Thursday, March 6, 2014

So you want to shunt do you?

These past month or so I have been planning and laying track on the industry spur on the top deck with a mix of finished buildings and mock ones, I worked out where the track would go and how many wagons the sidings will need to hold. I didn't feel the need to make it over complicated with run around tracks and the like and I also made a few business like decisions about the length of the line serving industries.
Like getting the railroad to store my wagons in their yard rather than building a long section of track to hold them myself, as long as I turn them around quick I will save a heap of money. I also decided to put in a R.I.P track at the east end of the yard to add a little bit of operating variety for the yard switcher and road crews.
It is good to see some real progress and I seem to be able to find an hour or two every couple of days to lay the cork for the yard and then some track and soldering feeders. It is tedious work but it will pay off in the end with smooth running and few power issues for locos in the yard. I have previous experience from a club n scale layout with sharp curves and tight points and don't want to experience that again.
I have also been laying the track in the top lift bridge and I can honestly say don't ever make a joint on a curve in N scale if you can possibly help it.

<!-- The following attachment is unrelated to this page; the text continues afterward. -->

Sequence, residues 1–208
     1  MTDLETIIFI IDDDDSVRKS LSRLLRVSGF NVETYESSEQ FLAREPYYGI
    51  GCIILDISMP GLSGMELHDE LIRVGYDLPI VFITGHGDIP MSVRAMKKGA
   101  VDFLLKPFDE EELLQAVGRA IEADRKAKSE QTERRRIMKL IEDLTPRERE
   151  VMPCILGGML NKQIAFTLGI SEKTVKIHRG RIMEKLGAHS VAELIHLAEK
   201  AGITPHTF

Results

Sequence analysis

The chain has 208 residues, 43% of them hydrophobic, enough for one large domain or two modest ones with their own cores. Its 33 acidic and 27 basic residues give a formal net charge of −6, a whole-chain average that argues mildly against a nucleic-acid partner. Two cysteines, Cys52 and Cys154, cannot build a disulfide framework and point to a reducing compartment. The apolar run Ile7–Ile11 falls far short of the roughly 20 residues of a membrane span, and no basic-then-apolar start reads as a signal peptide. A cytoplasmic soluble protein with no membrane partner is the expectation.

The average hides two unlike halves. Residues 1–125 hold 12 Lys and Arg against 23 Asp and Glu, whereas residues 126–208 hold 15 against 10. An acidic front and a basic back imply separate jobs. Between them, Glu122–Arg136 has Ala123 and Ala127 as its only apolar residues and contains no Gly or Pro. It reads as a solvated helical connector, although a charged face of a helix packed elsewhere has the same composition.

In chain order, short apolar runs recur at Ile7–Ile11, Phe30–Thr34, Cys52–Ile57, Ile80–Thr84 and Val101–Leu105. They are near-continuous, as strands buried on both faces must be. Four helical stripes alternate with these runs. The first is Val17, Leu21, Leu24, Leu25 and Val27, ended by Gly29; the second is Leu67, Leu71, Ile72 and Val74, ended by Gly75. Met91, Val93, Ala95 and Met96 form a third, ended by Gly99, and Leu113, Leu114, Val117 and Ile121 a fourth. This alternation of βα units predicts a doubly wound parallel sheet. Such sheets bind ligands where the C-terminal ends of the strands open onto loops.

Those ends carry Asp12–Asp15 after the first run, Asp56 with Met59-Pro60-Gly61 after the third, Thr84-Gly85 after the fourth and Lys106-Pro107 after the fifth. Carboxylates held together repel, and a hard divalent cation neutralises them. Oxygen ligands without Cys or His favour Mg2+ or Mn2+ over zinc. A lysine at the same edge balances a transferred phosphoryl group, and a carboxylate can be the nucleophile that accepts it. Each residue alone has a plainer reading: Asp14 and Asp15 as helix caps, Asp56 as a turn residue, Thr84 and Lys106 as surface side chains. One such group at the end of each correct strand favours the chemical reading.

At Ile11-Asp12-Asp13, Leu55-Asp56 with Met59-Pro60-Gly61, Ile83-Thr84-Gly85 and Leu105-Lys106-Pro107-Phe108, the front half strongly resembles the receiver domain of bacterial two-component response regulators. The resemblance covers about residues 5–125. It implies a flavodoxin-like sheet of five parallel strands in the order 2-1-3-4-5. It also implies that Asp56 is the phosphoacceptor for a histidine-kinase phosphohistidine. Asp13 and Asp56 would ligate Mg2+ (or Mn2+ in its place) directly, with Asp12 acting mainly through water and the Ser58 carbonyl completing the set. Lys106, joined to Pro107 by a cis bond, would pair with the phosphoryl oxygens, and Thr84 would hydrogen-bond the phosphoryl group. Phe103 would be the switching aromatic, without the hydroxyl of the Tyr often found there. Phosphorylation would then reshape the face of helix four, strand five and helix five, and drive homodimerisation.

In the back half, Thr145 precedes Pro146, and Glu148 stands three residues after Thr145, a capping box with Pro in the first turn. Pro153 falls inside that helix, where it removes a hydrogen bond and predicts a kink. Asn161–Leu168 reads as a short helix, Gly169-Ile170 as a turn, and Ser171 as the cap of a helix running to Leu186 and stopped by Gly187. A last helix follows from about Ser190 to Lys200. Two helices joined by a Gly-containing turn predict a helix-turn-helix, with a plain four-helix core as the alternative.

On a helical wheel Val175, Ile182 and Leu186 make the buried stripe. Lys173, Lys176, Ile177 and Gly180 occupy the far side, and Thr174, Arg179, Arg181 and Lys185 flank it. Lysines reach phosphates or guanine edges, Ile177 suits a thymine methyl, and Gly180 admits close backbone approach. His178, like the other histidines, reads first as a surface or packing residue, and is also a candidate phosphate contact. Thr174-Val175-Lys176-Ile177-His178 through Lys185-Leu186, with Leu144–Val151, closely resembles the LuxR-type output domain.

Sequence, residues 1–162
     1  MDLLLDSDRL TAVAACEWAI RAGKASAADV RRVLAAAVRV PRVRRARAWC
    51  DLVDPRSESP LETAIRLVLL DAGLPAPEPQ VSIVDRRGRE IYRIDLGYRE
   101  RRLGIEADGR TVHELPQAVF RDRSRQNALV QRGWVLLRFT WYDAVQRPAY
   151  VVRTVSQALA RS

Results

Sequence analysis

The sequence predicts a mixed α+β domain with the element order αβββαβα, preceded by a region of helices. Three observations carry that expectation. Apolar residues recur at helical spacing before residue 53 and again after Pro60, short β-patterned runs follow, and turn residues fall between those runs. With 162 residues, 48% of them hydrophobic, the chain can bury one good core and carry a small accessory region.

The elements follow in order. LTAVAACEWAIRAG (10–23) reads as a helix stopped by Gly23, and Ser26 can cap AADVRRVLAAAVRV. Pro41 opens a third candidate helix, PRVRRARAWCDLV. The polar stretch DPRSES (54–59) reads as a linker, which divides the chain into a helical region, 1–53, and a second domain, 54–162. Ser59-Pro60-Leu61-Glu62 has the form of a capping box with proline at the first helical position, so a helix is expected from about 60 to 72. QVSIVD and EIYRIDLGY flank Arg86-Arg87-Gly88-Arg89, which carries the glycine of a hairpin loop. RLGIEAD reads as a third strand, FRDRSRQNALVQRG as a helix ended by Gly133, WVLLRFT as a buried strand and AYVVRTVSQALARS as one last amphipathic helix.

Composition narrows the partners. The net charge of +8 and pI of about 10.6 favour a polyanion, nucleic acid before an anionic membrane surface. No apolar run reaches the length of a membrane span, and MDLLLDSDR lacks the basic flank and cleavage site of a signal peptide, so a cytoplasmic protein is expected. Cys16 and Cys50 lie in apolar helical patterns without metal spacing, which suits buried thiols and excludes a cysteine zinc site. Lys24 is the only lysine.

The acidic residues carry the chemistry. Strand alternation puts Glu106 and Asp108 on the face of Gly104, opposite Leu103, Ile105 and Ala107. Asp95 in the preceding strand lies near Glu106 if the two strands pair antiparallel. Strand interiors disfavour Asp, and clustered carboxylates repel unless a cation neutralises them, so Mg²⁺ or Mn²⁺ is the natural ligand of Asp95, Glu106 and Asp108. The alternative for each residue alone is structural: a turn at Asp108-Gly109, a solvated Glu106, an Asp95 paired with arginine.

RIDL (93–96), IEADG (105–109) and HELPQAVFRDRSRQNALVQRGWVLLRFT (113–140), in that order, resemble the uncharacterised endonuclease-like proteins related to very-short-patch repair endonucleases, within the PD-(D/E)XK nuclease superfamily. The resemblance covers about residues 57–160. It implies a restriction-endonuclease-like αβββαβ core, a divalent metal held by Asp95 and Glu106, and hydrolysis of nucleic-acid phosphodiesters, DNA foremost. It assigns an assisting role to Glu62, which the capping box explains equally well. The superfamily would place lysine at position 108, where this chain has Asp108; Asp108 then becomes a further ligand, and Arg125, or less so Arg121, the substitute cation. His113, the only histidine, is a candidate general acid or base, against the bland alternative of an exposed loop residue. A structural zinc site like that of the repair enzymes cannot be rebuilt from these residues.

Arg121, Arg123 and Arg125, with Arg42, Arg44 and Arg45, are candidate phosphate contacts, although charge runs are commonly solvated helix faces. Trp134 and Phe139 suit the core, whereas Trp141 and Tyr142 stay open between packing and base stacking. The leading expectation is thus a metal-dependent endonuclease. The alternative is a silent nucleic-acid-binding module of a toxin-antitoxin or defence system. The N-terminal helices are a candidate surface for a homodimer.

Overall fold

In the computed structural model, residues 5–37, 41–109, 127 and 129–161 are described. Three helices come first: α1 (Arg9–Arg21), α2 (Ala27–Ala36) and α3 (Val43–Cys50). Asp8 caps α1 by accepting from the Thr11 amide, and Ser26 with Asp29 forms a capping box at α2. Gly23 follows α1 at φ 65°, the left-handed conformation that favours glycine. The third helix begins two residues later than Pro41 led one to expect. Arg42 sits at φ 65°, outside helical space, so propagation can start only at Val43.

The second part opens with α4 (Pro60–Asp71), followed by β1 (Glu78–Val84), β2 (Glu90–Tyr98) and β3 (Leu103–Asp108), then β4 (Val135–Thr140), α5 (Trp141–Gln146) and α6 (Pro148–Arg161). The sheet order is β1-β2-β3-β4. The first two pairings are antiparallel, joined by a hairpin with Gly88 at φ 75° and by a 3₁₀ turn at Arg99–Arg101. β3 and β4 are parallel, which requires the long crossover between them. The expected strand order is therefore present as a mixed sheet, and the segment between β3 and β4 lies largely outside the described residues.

The siding above will be used for a sand trans loading facility and will hold eight wagons at a time for unloading. In the right hand corner  near the gondola is the switch leading to the flour mill or beer plant, I haven't decided which yet.
 From front to back we have the yard, main line, branch line and the flour / beer siding which can hold twelve wagons for grain unloading.

 East end of the yard and over to the left you can see the branch running along the main, this will serve a large cold storage center and another warehouse down the west end of the yard. I also decided to add a dead end track to the yard off the no 4 yard track in the middle of the photo and the line from the bottom of the photo is the RIP track. When the track is completed I will do another track plan and post it to give people an idea of how the layout will work.

 To provide a solid base for the joints on the lift bridge I used flat aluminium bar 3mm thick that is the same height as the underlay. I then used epoxy to glue the track and the trimmed P.C board to it and let it dry over night. To maintain the rail alignment I connected the track with joiners while I tack soldered it then pushed them clear of the joint and soldered over them.

Not pretty but it does the job

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